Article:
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super extra

Super extra

Satirical and hilarious, the novel is a treatise on chauvinism and orthodoxy . Intransigence and jingoism rule the day until our eight foot tall half Quick and fun, Super Extra Grande details an adventure of a veterinary biologist in the space age future, one who specializes in truly mammoth megafauna. Conversing in Spanglish, humans are but one of seven “intelligent ” species who have achieved interstellar travel without the concurrent advances in culture or ethics. Just imagine the hijinks!

Hilarious: Make no mistake: this is a funny, funny novel. The obligatory comparison to Hitchhikers Guide to the Galaxy is especially warranted here, as Super Extra Grande approaches humor with the same bombastic, rapid-fire insanity perfected by Douglas Adams. Super Extra Grande is a unique postmodern take on traditional science fiction tropes, in which a giant veterinarian delves into an enormous amoeba to rescue two beautiful women, making an enormous amount of puns along the way.
Hilarious: Make no mistake: this is a funny, funny novel. The obligatory comparison to Hitchhikers Guide to the Galaxy is especially warranted here, as Super Extra Grande approaches humor with the same bombastic, rapid-fire insanity perfected by Douglas Adams. (Though unlike the original Hitchhiker, Super Extra Grande can get very risqué.) Importantly, it also doesn’t seem to take itself too seriously, particularly regarding the portrayal of the main character, who we’ll elaborate on more in the ‘weaknesses’ section. Though the novel does make its view of the world very clear, I never felt like I was being preached to, a trap that much of modern satire falls into.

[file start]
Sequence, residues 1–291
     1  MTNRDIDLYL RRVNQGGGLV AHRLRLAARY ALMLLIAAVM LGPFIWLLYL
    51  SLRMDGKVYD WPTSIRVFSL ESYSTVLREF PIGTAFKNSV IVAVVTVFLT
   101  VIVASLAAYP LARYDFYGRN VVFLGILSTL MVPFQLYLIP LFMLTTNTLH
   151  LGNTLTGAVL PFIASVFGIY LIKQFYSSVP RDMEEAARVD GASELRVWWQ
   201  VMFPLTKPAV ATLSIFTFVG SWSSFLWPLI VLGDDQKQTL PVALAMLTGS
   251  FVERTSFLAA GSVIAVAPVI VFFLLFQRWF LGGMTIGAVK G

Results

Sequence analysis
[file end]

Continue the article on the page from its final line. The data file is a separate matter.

The lead character is a space veternarian. It’s witty sure, but in a juvenile way.
Rating: 4.5* of five, rounded up because reasons
“A gifted and daring writer.”
—David Iaconangelo
Quick and fun, Super Extra Grande details an adventure of a veterinary biologist in the space age future, one who specializes in truly mammoth megafauna. Conversing in Spanglish, humans are but one of seven “intelligent ” species who have achieved interstellar travel without the concurrent advances in culture or ethics. Just imagine the hijinks!
Weird Length: Speaking of the length, one hundred and fifty pages is… unusual, to say the least, especially because Super Extra Grande has so much to say. If some of the fat was trimmed off, Super Extra Grande would have been an excellent novella, and if some of the sparser sections were fleshed out, it would have been able to tie together all of these ideas together more coherently. As it is, none of the satirical elements get quite enough focus, which is a real shame.

This book is a new Cuban import, written by Yoss, considered one of the foremost Cuban science fiction authors. He’s written over 20 books, many highly regarded. One look at the author picture provided, and you can see he is larger than life himself. “He looks like a heavy metal singer,” I thought. And Bingo! He also heads up a pretty rocking heavy metal band. (YouTube has everything)